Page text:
There is much media coverage (rightly) of the sexual and physical abuse of children. But, there is very little focus in popular media on the soft abuse children suffer at a hands of adults.
Think about it we always cheer sporting heroes from our couches, but if children in our neighbourhood play, many adults stop them, abuse them, confiscate balls and generally harass them. And kids, who generally do not understand their rights, accept it, because they are taught to ‘obey your elders’.
Obesity, low attention spans, diabetes and even drug addiction are the results of not letting children play. How can the media help? File Pic for representation
The constant putting down of children and their wishes has become so ingrained in Indian society that we are becoming a nation of slobs with obese children who become unfit adults. Why don’t we, instead, look for ways for these children to play in peace? For a country that produces so many kids, it is amazing how appallingly we treat them outside of our homes.
My phenomenally energetic five-year-old is leaning to swim. After about 40 minutes of strenuous swimming, which would tire most adults, all he needs is a large snack and he is ready to play again. By 4.30 every evening, he starts getting restless and keeps saying, “Central Park jaana hai (I want to go to Central Park).” Central Park is one of the 30 parks in the DDA colony we live in, in Delhi. It is where a large number of the residents in this colony of 600 flats lands up. So, there are older people sitting and chatting, middle-aged women walking, and others (like me) minding our young ones.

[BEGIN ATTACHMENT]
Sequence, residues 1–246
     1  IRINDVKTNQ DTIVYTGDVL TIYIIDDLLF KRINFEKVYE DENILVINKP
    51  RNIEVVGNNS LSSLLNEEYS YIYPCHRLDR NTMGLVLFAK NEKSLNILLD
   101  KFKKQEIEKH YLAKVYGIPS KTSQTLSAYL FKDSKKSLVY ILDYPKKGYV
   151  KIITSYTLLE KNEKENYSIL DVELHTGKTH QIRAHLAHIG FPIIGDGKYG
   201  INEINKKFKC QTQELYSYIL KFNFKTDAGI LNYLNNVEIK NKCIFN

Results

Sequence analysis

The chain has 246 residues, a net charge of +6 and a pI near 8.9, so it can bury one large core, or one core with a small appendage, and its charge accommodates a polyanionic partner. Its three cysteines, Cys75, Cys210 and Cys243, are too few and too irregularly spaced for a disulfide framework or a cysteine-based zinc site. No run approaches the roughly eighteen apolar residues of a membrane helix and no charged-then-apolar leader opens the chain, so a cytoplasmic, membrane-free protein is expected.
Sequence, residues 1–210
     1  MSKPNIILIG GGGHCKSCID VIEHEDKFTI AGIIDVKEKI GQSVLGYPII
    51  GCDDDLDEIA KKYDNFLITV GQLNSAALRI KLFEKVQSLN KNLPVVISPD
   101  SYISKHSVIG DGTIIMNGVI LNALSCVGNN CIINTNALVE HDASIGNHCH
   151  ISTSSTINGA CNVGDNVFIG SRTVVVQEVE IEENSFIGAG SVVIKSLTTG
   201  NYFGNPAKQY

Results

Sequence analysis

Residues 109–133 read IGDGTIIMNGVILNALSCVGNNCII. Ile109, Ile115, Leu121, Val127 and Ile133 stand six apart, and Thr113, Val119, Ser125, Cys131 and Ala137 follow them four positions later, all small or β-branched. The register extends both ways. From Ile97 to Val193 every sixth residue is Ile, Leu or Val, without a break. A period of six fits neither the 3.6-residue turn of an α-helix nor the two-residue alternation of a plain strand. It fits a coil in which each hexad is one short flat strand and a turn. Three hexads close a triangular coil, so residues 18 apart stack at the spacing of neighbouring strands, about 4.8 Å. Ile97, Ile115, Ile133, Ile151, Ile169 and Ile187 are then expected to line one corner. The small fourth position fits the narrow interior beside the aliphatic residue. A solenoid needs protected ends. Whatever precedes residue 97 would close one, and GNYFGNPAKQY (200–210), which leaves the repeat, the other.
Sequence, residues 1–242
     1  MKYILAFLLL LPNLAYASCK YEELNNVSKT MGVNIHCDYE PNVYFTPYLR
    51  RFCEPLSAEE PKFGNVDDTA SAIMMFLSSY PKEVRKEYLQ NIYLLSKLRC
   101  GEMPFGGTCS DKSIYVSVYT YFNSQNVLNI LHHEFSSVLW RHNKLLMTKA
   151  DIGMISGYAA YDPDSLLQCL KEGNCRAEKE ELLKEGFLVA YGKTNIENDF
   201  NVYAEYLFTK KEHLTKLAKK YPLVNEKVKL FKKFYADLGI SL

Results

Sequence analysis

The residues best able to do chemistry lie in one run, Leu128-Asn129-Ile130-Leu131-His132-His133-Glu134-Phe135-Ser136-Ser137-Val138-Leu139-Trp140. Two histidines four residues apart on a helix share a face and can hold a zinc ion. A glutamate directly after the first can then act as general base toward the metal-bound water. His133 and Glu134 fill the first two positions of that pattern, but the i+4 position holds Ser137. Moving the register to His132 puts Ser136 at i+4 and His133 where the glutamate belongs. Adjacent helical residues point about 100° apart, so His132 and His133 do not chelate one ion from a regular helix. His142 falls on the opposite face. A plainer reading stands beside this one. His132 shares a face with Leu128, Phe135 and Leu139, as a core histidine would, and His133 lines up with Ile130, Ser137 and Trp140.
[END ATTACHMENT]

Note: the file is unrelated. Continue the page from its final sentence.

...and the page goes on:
In July this year, Central Park saw two groups of women come to blows — one was defending the right of 10-12 year-old-boys to play football in the park and another was abusing them for playing. The specifics of the case are irrelevant, but the good thing was that the defending group (which includes yours truly, though I missed all the physical action) gave the Resident Welfare Association or RWA a list of suggestions. (RWAs are the equivalent of the cooperative societies in Mumbai). These included allocating five play areas (of the 30 parks) with level ground, fencing, lighting and regular maintenance for children of five age groups for free play. The shaken RWA committee agreed to most of the suggestions and work on creating those five free play areas is on.
While making the presentation to the RWA, at a rather stormy meeting, I mentioned everything from childhood obesity, the need to burn energy in a positive activity and just physical and mental health. But, the thing which swung the whole argument in favour of kids’ need for playgrounds was not the fact that kids needed areas to play. It was, funnily enough, a 2011 Delhi High Court judgment. In that case, the court had ticked off another RWA for making one part of a park into a playground. It ruled that: “No differentiation can be made between one who chooses to do yoga and another who chooses to be involved in a ball game.” The court also observed that, “If children are not permitted to play in parks, they will be left with no other place except the busy streets.”
Much of this seems common-sensical; a physically active childhood and youth will ensure a physically healthy society. Maybe it isn’t because India has one of the highest incidences of heart disease, diabetes and other illnesses linked to a sedentary lifestyle and poor eating habits. Can we, in the media, then document the vicious cycle we are trapped in as a society of kids not playing, becoming adults who don’t allow other kids to play, leading to a nation of fat, sick people? Let us see some film scripts, a TV show or even some shrill news television reportage on this one.
The writer is a media specialist and author. Follow her on twitter at http://twitter.com/vanitakohlik
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